The essential role of renewable energy in mitigating the negative consequences of climate change has led to a growing body of literature that has examined the determinants of renewable energy consumption. Most of the existing studies focused on the macroeconomic, environmental, institutional, and energy-related determinants of renewable energy consumption and neglected the potential role of partisan polarization. The adverse effects of party polarization have been well documented by the literature, but the impact of party polarization on renewable energy consumption has not been examined. To fill this existing gap, this study explicitly explores the association between renewable energy consumption and partisan polarization across 25 European Union countries, spanning the period 2003–2017. The findings document that party polarization is negatively associated with renewable energy consumption after accounting for an extensive set of macroeconomic, environmental, institutional, and energy-related determinants and the use of a different set of estimation methodologies. The paper's findings show another adverse effect of party polarization by demonstrating its negative impact on renewable energy consumption.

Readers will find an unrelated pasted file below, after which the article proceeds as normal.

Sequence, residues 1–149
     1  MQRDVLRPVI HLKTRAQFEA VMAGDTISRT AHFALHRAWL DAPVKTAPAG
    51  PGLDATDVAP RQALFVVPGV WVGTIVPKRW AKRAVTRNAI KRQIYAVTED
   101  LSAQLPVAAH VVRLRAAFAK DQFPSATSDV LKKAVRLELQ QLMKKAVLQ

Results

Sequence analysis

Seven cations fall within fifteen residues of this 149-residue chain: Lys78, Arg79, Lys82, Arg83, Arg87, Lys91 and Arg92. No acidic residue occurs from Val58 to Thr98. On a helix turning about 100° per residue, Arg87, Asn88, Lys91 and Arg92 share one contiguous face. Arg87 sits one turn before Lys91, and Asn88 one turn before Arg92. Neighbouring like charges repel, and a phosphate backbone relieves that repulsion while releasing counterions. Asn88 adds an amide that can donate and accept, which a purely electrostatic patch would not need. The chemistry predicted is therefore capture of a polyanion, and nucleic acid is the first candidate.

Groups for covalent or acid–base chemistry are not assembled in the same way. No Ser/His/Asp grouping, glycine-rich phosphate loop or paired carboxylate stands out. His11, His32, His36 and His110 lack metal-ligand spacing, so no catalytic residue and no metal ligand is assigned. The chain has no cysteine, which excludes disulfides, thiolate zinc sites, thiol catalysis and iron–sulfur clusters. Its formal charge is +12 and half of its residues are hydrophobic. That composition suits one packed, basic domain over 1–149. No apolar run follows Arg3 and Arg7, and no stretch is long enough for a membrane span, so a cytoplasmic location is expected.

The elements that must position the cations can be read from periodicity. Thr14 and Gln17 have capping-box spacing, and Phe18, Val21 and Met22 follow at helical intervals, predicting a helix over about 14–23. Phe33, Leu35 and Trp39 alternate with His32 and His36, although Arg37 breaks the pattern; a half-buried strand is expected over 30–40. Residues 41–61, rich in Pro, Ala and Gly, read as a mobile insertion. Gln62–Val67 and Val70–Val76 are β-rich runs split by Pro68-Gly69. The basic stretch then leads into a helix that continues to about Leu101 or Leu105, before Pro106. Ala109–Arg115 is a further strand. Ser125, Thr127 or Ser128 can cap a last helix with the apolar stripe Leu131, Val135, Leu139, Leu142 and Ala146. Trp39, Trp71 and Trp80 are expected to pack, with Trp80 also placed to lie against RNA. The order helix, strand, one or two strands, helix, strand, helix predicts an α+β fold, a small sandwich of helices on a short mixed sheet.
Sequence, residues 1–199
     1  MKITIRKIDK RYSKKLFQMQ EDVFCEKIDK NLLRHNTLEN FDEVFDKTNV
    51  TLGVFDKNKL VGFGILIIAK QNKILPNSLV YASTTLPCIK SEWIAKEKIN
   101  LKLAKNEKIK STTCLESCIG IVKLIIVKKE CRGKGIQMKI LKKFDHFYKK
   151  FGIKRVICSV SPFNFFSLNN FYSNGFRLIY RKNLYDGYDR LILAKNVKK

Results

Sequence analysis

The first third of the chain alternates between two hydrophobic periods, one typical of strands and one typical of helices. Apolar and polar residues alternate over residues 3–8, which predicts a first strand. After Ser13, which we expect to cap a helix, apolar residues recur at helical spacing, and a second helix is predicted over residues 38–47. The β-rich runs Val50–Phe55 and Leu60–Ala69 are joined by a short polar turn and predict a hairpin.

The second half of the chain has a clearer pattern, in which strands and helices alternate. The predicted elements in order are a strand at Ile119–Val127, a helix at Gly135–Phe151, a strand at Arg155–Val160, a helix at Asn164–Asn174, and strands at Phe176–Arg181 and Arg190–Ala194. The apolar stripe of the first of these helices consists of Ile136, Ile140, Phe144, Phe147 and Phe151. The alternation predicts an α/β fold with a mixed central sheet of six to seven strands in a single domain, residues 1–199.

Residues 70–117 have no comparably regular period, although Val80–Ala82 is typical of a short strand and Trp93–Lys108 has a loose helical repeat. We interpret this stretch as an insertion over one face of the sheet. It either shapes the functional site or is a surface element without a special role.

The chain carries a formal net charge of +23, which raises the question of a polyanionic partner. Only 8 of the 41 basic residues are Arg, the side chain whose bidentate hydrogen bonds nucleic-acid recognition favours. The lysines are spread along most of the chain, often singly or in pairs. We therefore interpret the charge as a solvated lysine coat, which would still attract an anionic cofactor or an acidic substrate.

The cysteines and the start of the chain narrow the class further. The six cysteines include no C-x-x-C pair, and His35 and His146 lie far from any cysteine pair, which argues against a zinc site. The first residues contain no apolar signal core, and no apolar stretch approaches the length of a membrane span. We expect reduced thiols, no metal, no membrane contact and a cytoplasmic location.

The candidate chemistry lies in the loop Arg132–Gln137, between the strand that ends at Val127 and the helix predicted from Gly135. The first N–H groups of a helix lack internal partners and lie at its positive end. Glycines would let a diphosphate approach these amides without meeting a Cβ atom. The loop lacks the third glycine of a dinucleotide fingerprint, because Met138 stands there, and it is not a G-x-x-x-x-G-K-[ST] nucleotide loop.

- renewable energy
- energy policy